Monday, 2016/04/25 ~ 2016/05/04– Second Tumor Board & Third PET

Monday, 2016/04/25 – Second Tumor Board & Third PET

I was amazed at how quickly after I received Dr. Mc’s news I was scheduled for my second tumor board.  There is seldom any reason to ask for a second opinion after a tumor board, because it represents the findings of half a dozen extremely competent doctors in various allied specialties, plus the consultation of more experts, such as radiologists and medical physicists. I went to be examined one more time, including the laryngoscope, to discuss my signs and symptoms with various doctors, and hear their diagnosis and recommendations. Charlotte took me down there, and stayed with me throughout, and posed some questions I did not think to ask.  After the investigative phase came the deliberations for about an hour, and then they called me into a pleasant office with a computer and comfortable furniture. On the way, we stopped by the exam room where they had scoped me earlier, and showed me the video of the exam.  It showed a bulge at the back of my throat (in the nasopharynx region) which indicated some sort of growth or swelling there.

It was just Dr. I and Dr. K this time, and Charlotte and I had a good long session with them.

The news was very upsetting.  The specific type and strain of cancer I have is particularly susceptible to photonic radiotherapy, not generally very fast growing, and usually cured by the regimen I underwent last fall.  For it to resurface, and to be faster-growing than before, was a rare occurrence.  The MRI showed the experts a different picture than was expected.  It, along with the PET and CT scans, showed a tumor which had grown quickly outward at first, then slowed a bit and turned inward, but was now heading for some very critical structures.  The parotid gland is a pyramid-shaped thing, with the base against the inside of the jaw, and the apex pointing inward, toward the throat.  At first, the base grew, and interfered with jaw function, and caused pain and swelling in that region.    Then the thing surprised us.  It turned inward, growing at the apex, toward my carotid artery, esophagus, and vagus nerve.  It had compromised the vagus nerve, which paralyzed my right vocal fold.  This was bad news, but there was more.  On the PET scans, there was a faint shift in color in a couple of spots separate from the parotid, closer to my pharynx, which indicated increased uptake of the radioactive fluoride sugar they used as contrast, as a marker.  I have not obtained the new PET scan, but in this MRI image, we are looking up from my body, toward the top of my head, and the squiggle next to the tumor is part of my right earlobe.  Gadolinium was used for contrast.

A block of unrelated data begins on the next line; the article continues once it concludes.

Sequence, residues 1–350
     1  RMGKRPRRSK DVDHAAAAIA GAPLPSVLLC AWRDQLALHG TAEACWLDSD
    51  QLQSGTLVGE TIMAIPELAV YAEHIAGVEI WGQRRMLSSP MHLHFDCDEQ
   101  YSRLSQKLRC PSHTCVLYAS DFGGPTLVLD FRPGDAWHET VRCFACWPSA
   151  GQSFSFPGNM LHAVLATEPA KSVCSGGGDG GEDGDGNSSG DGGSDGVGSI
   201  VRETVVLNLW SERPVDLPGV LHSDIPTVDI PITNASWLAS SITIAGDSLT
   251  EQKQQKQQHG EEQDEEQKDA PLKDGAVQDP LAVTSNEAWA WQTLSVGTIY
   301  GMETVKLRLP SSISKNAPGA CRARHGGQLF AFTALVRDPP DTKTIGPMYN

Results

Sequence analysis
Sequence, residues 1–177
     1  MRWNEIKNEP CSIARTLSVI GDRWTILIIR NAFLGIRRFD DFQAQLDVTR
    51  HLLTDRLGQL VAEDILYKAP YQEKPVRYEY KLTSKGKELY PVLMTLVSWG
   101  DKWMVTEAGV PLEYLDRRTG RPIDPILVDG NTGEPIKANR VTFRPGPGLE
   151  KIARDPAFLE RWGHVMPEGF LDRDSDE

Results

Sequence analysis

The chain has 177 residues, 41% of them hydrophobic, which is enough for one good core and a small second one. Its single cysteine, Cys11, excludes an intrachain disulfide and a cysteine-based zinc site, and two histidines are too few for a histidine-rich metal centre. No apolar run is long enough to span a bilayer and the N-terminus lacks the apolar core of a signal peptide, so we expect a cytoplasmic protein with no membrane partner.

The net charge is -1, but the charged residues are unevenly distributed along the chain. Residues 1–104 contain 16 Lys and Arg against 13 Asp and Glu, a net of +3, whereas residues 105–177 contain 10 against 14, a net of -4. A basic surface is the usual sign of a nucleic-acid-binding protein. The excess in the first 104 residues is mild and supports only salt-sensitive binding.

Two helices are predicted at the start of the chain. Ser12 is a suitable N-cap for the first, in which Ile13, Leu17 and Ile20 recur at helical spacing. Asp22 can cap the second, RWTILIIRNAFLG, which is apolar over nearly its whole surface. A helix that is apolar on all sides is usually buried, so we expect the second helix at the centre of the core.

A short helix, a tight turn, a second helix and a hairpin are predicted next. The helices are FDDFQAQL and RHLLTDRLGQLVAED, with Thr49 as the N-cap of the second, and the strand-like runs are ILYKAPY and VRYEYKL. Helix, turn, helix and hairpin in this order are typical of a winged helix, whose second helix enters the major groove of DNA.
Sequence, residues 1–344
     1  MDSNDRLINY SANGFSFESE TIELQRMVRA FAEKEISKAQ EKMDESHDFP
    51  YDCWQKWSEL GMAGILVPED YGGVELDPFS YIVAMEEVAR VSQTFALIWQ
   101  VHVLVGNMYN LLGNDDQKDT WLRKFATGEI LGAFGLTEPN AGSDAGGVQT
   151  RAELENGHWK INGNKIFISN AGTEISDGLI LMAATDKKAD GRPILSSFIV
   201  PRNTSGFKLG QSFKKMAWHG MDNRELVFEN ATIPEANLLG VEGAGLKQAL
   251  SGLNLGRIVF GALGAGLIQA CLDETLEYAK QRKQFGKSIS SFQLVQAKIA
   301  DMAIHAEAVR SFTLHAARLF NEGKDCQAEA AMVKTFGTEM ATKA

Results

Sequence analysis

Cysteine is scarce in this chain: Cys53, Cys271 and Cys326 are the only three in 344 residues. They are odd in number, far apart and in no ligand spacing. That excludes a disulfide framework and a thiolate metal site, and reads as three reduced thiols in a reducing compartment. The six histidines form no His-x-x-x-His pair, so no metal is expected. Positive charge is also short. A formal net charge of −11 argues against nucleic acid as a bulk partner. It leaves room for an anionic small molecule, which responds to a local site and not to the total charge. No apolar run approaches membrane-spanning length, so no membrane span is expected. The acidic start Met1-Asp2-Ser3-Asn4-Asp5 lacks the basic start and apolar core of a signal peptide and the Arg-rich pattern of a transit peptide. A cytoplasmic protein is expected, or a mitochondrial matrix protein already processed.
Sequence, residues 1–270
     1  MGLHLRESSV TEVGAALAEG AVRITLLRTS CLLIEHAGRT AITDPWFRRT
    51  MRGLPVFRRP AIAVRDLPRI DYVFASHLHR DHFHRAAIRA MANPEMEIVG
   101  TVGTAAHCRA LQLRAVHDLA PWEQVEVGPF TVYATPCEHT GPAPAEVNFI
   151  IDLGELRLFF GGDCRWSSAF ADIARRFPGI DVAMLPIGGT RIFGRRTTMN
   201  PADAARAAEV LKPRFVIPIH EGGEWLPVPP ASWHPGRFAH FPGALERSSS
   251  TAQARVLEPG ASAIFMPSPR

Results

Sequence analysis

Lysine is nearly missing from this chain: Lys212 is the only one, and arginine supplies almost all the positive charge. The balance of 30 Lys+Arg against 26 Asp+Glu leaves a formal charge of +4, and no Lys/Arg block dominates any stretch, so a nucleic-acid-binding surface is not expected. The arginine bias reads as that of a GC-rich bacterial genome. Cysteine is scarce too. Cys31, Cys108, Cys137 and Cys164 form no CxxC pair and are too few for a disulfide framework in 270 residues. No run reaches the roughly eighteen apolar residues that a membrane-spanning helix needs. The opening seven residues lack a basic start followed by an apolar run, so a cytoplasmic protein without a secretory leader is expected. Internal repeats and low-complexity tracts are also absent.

annotated MRI of problem areas in recurrence
Parotid’s Progress

PET depends on the radioactive decay of Fluorine-18, attached to glucose, to show where sugar is being used most.  The brain uses a LOT of sugar, because it cannot burn fats or other carbs. Active muscles do as well, and there are dozens of other things that can present false positives, but cancer is one thing that uses only sugar, and tends to draw the glucose to itself, showing up as hot spots on a PET scan.

In light of the swelling at the back of my pharynx, these tiny, vague spots took on a sinister aspect. For more on the PET scan, read this earlier post: